Hablando a Luto
por Denise Levertov

Ah, Luto, yo no debería tratarte
como un perro sin hogar
que venga a la puerta trasera
por una corteza, por un hueso sin carne.
Yo debería confiar en ti.

Yo debería engatusarte
para entrar la casa y darte
tu propio rincón,
Una estera gastada para acostarte,
tu propio plato de agua.

Tú piensas que yo no sé que hayas estado viviendo
debajo de mi porche.
Tú añoras que tu verdadero lugar esté preparado
antes de que el invierno venga. Necesitas
tu nombre,
tu collar y chapa. Necesitas
el derecho de ahuyentar intrusos,
considerar
mi casa la tuya
y yo tu persona
y tú mismo
mi proprio perro.

 

Today we went to a huge buffet with accompanying children’s activities: jungle gym, swings, slides, air hockey, and–the highlight for the Munchkin–a real, working, child-powered four-horse merry-go-round. The buffet features over 100 dishes, and three different musical groups take turns entertaining the crowd or serenading a table:  a guitar duo, a mariachi band, and a pop band up on stage.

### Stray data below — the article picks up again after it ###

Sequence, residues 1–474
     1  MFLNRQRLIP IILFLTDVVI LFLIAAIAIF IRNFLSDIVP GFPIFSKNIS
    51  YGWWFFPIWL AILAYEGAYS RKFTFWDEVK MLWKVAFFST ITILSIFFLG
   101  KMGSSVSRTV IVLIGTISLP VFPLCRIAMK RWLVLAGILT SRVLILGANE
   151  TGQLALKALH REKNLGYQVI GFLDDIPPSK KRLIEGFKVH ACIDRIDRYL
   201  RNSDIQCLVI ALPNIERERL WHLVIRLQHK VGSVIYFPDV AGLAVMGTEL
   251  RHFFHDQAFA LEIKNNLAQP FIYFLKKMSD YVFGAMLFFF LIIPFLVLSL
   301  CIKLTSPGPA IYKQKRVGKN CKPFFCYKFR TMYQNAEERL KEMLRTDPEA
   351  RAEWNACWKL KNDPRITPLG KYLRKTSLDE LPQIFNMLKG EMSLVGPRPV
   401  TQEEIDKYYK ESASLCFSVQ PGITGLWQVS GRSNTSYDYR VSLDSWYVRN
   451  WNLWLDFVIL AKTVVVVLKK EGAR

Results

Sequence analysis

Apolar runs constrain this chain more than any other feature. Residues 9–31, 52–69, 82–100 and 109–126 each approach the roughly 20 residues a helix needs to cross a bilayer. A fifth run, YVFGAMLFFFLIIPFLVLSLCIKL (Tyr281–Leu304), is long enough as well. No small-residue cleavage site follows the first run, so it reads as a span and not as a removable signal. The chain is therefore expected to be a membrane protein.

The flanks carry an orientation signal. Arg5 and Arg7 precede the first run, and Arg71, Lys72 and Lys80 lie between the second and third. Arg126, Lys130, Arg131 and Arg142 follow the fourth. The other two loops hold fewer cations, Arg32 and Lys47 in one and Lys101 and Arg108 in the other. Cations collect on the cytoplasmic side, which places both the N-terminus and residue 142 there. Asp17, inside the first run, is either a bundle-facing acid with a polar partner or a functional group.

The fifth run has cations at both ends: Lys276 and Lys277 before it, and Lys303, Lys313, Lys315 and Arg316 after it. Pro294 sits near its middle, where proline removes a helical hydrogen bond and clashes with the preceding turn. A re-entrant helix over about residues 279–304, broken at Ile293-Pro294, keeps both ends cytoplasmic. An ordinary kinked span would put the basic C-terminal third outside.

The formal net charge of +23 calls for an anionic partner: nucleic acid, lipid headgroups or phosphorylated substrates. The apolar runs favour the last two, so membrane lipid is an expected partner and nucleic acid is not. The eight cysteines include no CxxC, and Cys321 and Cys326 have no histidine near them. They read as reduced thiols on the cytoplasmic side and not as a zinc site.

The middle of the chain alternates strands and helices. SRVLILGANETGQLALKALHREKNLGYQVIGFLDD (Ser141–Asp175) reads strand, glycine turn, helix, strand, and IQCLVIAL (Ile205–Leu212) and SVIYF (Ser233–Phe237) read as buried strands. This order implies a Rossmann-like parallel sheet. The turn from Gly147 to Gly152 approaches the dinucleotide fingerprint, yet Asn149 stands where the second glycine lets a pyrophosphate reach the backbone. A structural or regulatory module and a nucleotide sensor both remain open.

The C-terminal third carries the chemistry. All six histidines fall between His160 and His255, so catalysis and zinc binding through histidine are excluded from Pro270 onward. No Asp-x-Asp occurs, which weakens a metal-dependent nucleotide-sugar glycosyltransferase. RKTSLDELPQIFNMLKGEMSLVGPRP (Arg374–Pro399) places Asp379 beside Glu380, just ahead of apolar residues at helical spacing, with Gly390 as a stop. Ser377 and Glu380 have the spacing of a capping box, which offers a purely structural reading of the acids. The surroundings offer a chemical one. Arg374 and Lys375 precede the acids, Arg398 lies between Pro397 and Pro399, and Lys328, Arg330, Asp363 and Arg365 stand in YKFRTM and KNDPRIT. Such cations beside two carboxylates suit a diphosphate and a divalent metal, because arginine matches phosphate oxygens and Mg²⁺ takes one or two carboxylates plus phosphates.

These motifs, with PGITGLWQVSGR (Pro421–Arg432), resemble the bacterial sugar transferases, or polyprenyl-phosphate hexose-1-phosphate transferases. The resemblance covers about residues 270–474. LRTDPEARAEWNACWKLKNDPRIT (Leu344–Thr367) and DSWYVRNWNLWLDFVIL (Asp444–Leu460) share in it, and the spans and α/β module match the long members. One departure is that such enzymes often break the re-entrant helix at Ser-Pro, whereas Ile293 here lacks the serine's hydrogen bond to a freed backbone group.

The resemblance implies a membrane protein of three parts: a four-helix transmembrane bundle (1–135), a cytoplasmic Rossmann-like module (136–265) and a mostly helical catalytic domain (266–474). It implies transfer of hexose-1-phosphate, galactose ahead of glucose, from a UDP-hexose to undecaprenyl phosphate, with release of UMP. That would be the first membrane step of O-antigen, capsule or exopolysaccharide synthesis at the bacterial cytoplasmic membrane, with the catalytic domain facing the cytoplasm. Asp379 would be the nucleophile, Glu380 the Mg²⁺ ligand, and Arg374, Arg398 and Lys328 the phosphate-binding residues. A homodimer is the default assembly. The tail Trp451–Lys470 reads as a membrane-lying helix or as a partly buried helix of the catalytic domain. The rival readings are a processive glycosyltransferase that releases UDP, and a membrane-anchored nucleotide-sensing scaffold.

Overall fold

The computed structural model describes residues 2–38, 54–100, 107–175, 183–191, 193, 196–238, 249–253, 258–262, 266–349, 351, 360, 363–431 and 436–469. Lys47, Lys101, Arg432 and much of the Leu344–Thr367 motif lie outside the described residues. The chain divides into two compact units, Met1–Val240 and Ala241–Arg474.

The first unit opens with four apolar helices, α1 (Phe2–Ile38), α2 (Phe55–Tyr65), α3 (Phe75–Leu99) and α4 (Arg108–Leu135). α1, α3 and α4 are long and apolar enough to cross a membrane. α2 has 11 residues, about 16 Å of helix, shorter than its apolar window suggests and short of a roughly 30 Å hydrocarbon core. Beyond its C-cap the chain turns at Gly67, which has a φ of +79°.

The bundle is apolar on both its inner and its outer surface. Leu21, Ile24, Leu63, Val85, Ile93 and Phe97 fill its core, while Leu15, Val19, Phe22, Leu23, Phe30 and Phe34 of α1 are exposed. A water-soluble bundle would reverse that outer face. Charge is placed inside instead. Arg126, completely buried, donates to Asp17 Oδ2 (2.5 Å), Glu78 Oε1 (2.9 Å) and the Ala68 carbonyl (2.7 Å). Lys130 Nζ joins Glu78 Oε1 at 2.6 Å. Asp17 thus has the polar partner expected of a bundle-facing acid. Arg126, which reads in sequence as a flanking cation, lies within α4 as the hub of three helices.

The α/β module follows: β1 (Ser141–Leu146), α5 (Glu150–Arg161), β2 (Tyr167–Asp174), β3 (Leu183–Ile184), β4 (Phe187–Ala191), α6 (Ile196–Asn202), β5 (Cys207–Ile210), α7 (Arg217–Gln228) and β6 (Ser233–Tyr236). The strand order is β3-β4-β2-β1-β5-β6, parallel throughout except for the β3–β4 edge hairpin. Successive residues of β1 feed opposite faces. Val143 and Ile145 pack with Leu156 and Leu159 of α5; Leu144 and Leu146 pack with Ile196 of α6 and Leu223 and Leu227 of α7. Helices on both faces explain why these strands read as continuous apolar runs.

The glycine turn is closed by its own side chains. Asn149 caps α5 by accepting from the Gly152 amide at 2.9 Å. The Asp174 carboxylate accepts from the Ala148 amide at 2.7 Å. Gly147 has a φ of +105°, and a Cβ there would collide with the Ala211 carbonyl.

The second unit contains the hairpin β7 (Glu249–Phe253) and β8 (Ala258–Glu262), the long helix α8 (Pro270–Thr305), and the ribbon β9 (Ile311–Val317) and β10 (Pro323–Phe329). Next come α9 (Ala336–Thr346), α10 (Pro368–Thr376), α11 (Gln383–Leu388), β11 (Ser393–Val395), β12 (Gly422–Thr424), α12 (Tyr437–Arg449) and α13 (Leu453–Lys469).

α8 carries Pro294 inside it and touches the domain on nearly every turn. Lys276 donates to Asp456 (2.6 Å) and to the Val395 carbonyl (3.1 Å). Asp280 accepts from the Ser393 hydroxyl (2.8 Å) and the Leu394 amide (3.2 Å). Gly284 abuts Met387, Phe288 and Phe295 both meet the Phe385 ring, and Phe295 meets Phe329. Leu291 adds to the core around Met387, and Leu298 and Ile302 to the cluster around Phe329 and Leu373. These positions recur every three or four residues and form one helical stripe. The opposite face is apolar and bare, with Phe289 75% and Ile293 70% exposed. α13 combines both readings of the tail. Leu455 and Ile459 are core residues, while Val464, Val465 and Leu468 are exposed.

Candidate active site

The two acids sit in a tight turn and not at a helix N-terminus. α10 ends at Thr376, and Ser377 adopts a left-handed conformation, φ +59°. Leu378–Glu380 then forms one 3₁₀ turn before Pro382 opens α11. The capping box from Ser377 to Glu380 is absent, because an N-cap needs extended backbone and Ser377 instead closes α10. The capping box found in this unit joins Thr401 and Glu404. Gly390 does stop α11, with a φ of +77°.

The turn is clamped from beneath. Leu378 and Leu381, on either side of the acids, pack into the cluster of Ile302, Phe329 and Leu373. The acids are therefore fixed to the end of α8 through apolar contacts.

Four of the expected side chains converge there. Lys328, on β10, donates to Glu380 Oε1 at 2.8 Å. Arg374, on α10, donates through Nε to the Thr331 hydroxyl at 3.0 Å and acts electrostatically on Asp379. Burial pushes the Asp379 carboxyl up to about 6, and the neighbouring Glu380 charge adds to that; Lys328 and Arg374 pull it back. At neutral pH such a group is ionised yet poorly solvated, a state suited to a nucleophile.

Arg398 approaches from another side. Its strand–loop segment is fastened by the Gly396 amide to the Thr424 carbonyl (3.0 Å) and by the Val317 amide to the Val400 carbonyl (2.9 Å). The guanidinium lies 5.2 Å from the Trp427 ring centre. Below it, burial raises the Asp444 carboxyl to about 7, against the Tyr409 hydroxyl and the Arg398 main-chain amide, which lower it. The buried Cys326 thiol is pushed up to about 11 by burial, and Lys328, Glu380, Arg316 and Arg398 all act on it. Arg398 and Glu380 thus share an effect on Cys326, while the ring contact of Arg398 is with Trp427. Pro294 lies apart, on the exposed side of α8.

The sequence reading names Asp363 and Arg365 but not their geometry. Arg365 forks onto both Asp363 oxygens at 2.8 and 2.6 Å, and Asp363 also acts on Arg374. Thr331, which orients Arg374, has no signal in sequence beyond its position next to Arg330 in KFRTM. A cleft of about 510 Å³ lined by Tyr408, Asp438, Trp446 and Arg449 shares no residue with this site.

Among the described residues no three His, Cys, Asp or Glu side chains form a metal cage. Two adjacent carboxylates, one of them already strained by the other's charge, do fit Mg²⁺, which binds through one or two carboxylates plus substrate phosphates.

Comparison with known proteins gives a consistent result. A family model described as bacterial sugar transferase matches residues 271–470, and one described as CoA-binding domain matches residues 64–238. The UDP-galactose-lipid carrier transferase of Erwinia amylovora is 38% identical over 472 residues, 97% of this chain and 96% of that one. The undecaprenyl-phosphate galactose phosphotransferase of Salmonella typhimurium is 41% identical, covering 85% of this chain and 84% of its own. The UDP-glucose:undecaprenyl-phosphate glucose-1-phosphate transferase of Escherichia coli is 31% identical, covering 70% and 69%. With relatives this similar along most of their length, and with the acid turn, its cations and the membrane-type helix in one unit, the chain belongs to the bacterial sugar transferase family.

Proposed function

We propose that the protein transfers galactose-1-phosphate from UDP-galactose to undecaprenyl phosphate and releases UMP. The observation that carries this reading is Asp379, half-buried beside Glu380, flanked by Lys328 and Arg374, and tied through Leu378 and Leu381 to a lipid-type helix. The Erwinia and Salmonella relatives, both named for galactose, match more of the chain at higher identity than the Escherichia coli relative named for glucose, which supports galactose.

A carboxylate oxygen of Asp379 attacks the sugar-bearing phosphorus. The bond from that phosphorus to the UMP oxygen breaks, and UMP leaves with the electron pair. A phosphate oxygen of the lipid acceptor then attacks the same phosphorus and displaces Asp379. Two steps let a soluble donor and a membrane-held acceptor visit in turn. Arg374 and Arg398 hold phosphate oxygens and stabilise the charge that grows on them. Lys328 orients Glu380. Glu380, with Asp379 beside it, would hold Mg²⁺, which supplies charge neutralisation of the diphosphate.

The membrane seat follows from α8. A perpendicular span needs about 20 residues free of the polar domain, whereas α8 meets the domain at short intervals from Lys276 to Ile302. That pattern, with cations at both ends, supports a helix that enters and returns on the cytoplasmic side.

The decor reflected the imminence of September 16, Mexico’s Día de la Independencia. So did the food: note the green, white and red spaghettis.

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Even the dessert got in on the act. Gelatina is a favorite snack in Oaxaca. I wasn’t tempted, but it went fast.

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There were plenty of desserts to tempt us, though. All three of us had delicious chocolate cake. I was curious what was in this dessert to make the bees love it so much, but didn’t try a slice to find out. Honey, presumably.

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Naturally, people can celebrate their own culture in ways that would be frankly racist if an outsider did it. This leads to some jarring moments, such as seeing this decoration:

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People were also having their pictures taken inside an enormous frame that put a Pancho Villa mustache on them and a black sombrero on their heads. And there was this . . .

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“Cabrones” shows up in my dictionary as “not a nice thing to call someone,” but it’s true that one meaning is “guys.”

So, we tried this and that dish and seconds on the best ones, until I felt like this little guy.